We live in such stark contrasts, that we forget about the beautiful intermediates. We know so much about days and nights, but little do we say about dusks and dawns (but that is okay because somewhere they leave us speechless).
So, what I am trying to say is that the gradient intermediates are a little unexplained. And that is the beauty of them, of course. Unconsciously we instantly feel about summers and winters whenever they are mentioned. But autumn is my muse. And I am sure if you are a poet too, you don’t need to read this entire article to understand. Chances are, you probably know about it by now
Autumns are… what do you say ?
They are a living example of how beautiful it is to let go of stuff that has died on you. How scintillating it is to part from what yours, because eventually they will be back to you.
They are a living paradox, and hence every writer’s muse. They are death, distance, separation; yet they are also beautiful, calm, and they are not even an end.
If you are imaginative enough you will agree instantly that, we have autumn, hence we can be sure that even death is not an end. That death is not dark, cold and harsh. But it is a little warm, a little chilly, a little soft with a little bit of crunch.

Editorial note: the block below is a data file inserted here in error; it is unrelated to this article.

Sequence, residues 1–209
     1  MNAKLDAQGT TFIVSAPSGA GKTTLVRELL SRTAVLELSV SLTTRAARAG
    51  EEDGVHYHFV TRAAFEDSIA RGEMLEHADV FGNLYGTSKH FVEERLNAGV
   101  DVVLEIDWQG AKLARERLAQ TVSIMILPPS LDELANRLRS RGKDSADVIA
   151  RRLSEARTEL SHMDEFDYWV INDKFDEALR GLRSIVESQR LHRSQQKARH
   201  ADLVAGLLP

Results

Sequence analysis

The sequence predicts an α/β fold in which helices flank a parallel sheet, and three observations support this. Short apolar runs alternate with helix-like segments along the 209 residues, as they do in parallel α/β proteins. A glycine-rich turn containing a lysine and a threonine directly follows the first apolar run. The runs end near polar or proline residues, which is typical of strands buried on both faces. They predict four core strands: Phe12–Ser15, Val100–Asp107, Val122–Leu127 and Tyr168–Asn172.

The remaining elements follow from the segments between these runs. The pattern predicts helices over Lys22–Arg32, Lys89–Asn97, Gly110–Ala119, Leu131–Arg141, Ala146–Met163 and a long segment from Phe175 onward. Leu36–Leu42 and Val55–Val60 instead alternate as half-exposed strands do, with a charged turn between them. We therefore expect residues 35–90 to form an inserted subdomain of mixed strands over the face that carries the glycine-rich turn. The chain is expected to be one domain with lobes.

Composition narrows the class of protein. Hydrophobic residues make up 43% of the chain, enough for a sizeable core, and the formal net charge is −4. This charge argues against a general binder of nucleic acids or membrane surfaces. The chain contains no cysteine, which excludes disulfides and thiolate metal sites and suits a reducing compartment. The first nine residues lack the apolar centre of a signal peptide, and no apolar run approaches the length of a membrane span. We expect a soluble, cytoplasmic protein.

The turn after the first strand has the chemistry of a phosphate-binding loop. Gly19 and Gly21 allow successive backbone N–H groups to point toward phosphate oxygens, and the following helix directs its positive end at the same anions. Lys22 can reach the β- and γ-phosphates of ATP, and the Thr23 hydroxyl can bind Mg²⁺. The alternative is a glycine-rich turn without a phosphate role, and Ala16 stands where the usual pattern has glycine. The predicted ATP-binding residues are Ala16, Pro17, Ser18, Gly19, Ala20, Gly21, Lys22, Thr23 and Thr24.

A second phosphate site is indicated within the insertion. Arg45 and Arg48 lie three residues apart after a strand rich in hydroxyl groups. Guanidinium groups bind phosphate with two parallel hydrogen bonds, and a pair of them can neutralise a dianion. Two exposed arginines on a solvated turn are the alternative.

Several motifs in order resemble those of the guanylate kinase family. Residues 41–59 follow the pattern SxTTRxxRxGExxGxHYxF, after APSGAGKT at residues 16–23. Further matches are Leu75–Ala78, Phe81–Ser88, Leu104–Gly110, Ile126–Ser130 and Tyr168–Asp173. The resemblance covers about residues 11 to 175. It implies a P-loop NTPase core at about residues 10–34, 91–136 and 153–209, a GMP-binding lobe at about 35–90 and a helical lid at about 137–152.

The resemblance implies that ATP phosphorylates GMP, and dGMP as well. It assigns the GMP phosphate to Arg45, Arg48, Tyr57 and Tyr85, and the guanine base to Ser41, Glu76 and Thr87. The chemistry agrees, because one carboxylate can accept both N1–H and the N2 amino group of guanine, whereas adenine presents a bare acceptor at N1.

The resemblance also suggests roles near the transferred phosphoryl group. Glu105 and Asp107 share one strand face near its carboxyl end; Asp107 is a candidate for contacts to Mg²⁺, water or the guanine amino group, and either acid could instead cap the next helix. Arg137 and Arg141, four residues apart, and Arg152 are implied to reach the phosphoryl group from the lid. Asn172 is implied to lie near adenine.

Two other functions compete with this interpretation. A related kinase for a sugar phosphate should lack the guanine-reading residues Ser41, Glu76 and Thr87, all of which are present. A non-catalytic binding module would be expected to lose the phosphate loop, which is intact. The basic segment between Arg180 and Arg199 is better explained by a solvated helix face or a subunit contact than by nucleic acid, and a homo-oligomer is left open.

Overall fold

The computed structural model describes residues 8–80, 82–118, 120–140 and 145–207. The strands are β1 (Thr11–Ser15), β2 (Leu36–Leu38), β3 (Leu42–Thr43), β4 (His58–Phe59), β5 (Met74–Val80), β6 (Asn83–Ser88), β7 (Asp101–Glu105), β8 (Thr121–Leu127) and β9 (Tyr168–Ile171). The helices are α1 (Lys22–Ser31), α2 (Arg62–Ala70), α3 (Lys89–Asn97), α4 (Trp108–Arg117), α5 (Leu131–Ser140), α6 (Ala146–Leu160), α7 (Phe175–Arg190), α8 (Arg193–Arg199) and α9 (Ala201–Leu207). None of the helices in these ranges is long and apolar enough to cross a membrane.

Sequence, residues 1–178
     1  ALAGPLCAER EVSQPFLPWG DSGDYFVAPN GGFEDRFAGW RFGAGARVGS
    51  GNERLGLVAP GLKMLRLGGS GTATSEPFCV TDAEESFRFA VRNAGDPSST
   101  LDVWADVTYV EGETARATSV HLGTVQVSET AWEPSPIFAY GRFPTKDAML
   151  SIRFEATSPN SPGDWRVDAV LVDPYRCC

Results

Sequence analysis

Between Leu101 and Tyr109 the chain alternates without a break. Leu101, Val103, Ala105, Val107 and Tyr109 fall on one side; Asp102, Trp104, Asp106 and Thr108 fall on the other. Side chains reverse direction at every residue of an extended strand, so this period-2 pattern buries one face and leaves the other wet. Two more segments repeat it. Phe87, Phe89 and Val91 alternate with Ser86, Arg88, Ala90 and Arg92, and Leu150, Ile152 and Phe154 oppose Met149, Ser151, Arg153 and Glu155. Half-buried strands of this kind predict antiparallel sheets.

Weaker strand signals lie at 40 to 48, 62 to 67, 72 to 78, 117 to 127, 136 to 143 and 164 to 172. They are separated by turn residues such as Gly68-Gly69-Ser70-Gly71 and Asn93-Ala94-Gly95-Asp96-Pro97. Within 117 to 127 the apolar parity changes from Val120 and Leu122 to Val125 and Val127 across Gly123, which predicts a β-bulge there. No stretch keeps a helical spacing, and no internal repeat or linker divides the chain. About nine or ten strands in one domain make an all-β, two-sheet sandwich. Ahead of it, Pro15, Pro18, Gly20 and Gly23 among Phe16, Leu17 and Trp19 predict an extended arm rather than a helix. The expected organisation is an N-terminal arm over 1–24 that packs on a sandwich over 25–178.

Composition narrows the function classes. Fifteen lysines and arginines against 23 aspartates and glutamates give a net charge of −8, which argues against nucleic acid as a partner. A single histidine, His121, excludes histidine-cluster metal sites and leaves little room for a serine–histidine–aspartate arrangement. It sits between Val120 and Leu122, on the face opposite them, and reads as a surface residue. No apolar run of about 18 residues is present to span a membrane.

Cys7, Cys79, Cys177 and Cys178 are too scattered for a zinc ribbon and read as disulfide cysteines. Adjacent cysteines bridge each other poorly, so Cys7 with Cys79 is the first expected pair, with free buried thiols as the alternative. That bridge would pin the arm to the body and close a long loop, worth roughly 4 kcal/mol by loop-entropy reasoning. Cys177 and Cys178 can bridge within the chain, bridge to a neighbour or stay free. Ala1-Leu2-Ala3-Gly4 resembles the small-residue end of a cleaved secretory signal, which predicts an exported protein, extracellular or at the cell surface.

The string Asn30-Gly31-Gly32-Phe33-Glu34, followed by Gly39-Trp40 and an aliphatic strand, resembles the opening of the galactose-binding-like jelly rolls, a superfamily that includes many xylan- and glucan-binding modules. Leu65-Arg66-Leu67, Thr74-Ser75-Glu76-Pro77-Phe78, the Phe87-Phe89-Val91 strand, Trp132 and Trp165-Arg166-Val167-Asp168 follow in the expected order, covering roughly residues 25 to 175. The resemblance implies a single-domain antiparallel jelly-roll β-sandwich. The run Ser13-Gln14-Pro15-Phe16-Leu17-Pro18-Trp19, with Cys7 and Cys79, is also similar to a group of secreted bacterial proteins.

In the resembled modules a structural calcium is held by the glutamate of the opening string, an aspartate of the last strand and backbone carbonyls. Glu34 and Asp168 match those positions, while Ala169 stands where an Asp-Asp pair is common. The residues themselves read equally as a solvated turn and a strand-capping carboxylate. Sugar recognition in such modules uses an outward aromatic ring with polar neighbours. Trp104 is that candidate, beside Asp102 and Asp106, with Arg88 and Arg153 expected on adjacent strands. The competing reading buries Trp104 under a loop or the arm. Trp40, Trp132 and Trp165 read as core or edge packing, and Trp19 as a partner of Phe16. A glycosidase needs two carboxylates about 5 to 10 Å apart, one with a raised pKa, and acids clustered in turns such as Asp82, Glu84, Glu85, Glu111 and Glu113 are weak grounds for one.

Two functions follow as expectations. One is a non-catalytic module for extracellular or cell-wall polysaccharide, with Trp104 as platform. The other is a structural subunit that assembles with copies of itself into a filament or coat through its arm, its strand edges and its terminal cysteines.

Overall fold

It is the time of the year when the air is calmer and the sound of the wind a little filling. When those rustic leaves cover the ground, and slow breeze brushes them; you are sure to fall in love. The nature’s version of sepia is such a thing that it makes every moment spent there immemorial.
Immemorial reminds me of how autumn is a really short time in an year, and how does it metaphorically lay down in front of us our entire lives like we have never known.
So how do you feel now when someone says autumn?
– Ananya Talwar
Edited by Mrinaal Datt
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